Dear Roe, I’m a 23-year-old women, and I have a relationship with a guy but we don’t have a conventional version. We currently live together but are free to see and date other people. We agreed on this relationship and we both feel it works for us. I see it as being single together. The issue arises in where we live. We live in a small town where everyone knows everyone else’s business. Before we came we agreed to outwardly be “just friends” and be together at home if we wanted. It seems to be a good option based on the town we live in, but I wonder what impact it will have on our future relationship? Will it cause us to hide more in the future?

You letter is scant on details, which is always interesting. To be honest, when people write to advice columns, they usually err on the side of too much detail, which makes it hard not to read into absences.

But judging purely the information you’ve given me? You’re just sleeping with your housemate.

I’m fully supportive of open relationships and think that for many people, they can be a wonderful, empowering and truly fulfilling relationship model – but absolutely no one I know who is in an open relationship describes it as “being single together”.

Being in an open relationship means being committed to one another as partners, and committed to the relationship you share – but also seeing other people. Your version isn’t pitching you and this guy as any form of partners, other than in terms of real estate.

Sure, you have a relationship, in the sense that any two people who interact have a relationship, but you’re not giving me any indication that it’s a relationship with a capital “R”. I don’t get any sense that you’re a partnership, that you’re a united front, that you’re in this together.

Hell, I don’t even know if you’re “in” anything together, other than a house.

I understand that you live together, and can “be together at home if you want”. (Whatever that means. Presumably sex? Calling each other “honeybun”? Anything else?) But even that sounds very non-committal.

People in healthy relationships – open or not – don’t limit themselves to the literal and figurative confines of their house. Relationships need room to grow.

They involve shared experiences and an engagement with the outside world, as well as other people – not so they can bear witness to your relationship or validate it, but so that you two can see and feel how you operate in the world, not just the comfortable but limited bubble of your couch and your bed.

And what’s up with the “if we wanted to” part of that sentence? If you’re in a relationship, surely there’s a presumption that you want to be together. But yours seems to depend on your moment-to-moment whims, which seems more like a FWB situation.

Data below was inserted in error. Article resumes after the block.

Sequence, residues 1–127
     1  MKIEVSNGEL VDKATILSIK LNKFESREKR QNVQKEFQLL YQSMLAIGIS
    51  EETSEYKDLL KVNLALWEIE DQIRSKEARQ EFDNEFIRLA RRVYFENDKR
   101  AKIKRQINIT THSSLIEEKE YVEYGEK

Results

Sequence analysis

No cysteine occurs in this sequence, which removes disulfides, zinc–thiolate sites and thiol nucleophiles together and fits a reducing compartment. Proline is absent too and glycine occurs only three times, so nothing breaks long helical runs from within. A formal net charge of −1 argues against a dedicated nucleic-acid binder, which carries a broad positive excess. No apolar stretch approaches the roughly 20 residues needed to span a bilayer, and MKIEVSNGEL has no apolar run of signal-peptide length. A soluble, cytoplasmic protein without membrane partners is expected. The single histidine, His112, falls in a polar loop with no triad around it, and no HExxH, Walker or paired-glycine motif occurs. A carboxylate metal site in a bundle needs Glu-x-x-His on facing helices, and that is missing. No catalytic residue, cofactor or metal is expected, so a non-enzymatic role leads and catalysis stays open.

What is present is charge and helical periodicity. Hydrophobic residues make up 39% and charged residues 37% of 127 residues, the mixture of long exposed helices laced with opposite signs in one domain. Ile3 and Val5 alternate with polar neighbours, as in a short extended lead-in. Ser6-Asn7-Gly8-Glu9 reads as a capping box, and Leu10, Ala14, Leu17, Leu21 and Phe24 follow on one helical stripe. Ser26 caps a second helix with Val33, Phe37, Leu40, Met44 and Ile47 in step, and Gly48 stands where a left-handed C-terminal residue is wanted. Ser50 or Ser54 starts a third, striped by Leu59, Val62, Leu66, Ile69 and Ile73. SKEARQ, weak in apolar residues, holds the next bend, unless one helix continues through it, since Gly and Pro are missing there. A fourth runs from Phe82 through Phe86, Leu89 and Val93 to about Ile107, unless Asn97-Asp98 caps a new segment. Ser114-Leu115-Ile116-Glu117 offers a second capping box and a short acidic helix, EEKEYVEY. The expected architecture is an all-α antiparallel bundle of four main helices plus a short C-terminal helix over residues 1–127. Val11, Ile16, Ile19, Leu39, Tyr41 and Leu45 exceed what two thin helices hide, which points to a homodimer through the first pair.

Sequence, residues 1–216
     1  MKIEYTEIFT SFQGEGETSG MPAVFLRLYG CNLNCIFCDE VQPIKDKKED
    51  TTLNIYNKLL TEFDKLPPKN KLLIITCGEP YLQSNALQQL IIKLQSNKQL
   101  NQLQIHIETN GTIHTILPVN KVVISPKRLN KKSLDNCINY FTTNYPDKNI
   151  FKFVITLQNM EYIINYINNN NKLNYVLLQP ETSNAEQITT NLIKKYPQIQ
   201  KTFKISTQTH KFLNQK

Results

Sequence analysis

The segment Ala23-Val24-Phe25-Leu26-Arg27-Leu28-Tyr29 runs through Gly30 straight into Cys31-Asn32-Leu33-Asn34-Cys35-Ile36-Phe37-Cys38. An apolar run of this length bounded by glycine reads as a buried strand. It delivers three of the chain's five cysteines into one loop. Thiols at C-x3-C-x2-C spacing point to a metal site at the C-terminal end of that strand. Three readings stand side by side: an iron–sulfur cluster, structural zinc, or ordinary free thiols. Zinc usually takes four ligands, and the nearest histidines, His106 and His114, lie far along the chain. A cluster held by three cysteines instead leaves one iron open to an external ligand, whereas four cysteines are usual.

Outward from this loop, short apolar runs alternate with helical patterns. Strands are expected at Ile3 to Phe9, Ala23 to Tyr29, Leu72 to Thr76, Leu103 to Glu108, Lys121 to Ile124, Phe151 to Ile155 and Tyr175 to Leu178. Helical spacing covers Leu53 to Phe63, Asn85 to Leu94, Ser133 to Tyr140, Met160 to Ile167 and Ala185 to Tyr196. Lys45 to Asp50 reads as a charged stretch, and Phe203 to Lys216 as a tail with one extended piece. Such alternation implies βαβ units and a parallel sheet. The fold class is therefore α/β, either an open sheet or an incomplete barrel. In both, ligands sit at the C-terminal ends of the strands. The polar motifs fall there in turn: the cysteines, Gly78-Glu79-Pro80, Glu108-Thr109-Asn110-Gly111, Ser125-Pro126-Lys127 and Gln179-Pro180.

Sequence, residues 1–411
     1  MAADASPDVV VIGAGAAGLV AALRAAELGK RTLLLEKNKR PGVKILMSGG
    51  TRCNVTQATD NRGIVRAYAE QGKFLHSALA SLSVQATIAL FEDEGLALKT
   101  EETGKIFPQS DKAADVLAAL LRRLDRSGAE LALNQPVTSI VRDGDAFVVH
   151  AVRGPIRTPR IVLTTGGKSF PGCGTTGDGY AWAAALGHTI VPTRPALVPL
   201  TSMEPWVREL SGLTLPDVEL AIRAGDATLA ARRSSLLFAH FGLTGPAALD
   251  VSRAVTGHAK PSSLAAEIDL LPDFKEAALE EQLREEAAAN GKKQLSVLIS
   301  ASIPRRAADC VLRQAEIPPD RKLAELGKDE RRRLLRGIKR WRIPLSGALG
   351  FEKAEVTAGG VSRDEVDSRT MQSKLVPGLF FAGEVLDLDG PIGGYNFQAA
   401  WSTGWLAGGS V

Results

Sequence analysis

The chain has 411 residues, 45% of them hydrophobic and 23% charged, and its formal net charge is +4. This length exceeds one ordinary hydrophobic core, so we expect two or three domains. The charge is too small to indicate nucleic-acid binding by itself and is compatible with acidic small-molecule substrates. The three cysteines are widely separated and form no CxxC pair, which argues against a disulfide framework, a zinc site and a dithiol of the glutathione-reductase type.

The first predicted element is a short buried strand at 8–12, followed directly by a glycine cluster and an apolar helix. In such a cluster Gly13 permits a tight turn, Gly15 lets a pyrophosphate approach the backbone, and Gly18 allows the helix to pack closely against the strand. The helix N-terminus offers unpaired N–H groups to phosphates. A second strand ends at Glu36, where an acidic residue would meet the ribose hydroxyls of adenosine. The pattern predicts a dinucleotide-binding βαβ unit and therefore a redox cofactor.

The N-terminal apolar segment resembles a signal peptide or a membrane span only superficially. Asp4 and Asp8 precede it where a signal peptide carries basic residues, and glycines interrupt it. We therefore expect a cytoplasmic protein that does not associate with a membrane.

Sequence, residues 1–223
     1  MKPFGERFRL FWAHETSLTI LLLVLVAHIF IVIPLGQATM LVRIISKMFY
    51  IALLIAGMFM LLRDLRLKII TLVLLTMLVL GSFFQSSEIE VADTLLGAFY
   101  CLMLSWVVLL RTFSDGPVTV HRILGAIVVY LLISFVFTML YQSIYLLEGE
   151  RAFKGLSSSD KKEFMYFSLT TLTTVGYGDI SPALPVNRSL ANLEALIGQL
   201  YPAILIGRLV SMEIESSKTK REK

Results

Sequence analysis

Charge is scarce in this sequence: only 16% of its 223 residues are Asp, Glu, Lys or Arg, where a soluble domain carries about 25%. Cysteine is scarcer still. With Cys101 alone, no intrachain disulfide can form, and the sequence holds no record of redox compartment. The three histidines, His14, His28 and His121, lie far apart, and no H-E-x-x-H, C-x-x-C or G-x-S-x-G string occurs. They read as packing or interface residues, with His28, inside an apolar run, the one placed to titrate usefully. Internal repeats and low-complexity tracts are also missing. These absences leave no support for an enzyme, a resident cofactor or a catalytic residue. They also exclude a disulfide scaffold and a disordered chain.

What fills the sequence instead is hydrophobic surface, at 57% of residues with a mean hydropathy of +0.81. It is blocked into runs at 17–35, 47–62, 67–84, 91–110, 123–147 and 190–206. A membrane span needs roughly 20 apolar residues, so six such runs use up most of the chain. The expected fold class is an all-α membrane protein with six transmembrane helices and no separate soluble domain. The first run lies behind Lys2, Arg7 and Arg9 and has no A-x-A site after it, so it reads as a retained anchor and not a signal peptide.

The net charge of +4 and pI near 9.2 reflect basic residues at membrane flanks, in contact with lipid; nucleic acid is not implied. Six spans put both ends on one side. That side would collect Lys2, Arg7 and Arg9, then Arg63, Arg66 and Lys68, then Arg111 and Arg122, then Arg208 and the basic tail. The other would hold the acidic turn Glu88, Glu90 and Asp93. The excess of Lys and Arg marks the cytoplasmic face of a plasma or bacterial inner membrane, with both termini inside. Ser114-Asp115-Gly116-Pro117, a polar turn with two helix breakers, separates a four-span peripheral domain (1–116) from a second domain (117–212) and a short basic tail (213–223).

But on the off-chance that I’m missing something, that maybe you’ve been in an open relationship for ages and are gloriously happy and have just moved to your new tiny town and are trying to navigate that, there’s still a glaring issue with your approach.

If you are in an open relationship and are dating other people, and even if you do want to avoid the gossip mill of small towns – you still have to tell the people you’re dating that you’re in an open relationship, and that you live with your partner.

The people you’re dating have a right to know that you’re already in a relationship, and if you tell them that you’re single, you’re lying to them, and not only being a potentially hurtful sneaky git, but you’re also giving people in open relationships a bad name and confirming commonly held suspicions that all people in open relationships are lying, sneaky gits.

And if you’re dating and being honest with your dates about being in an open relationship, shit’s probably going to get out, and people may talk – and then they’ll get over it. I think you’re overestimating how much a 23-year-old’s relationship is going to affect a community. This isn’t The Crucible.

As for the future of your relationship or Relationship, I have no idea how hiding out in your house together is going to affect you, other than you presumably getting a bit bored. But I think you and your guy need to have some conversations about what your relationship actually entails, why you’re in it and how you are going to healthily and happily navigate being together and being with other people.

Because right now I have no idea, and I’m not at all convinced that you do either.

Do you have a question for Roe? Submit it anonymously at dublininquirer.com/ask-roe

Sign up to get our free Dublin Inquirer email newsletter each Wednesday, with headlines from the week’s online edition, updates from inside the newsroom, and more. It’s a little reminder when we have a new edition out, and a way for you to stay in touch with what we’re up to.


Roe McDermott: Roe McDermott is a journalist, arts critic, Fulbright awardee and sex columnist from Dublin. She lives in San Francisco, where she's completing an MA in Sexuality Studies.

Reader responses

Log in to write a response.

Understand your city

We do in-depth, original reporting about the issues that shape Dublin. We're not funded by advertisers. We're funded by readers like you.

We use first-party cookies to allow visitors to log in to our website and read our articles.